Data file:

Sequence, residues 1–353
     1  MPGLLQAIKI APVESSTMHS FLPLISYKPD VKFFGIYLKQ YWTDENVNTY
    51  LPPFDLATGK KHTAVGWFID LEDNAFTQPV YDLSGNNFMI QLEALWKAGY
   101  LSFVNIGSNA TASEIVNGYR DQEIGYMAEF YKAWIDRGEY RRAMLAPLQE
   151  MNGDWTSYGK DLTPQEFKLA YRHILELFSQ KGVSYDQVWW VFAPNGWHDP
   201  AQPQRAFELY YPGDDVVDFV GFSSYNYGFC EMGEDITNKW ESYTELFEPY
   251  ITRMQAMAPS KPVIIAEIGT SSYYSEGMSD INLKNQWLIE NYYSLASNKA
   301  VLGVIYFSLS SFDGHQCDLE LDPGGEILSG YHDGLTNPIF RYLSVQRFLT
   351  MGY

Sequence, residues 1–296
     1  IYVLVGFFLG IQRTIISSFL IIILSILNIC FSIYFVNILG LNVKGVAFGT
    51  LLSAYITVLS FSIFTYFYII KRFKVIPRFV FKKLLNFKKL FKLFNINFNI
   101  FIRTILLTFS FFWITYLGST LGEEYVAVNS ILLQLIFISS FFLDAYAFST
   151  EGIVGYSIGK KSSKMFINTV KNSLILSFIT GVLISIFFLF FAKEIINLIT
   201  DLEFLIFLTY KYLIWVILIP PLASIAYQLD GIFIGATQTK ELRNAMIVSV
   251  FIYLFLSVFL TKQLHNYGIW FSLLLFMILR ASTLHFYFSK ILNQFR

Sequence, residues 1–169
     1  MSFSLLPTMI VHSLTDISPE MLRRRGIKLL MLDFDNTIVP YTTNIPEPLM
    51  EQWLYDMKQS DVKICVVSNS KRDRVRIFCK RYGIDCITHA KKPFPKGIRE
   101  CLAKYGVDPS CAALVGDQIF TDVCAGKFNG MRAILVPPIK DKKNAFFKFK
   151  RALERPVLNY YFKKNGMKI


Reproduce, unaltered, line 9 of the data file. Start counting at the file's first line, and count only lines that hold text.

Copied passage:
   351  MGY